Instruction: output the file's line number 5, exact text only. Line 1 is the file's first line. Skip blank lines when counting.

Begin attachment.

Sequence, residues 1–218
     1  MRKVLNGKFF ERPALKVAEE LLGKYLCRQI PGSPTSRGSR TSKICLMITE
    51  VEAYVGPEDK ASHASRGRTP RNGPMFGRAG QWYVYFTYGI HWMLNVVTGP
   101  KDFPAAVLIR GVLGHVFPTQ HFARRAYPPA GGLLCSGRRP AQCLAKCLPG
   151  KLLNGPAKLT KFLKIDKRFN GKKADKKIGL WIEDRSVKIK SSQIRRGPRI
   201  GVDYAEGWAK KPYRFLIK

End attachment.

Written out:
   151  KLLNGPAKLT KFLKIDKRFN GKKADKKIGL WIEDRSVKIK SSQIRRGPRI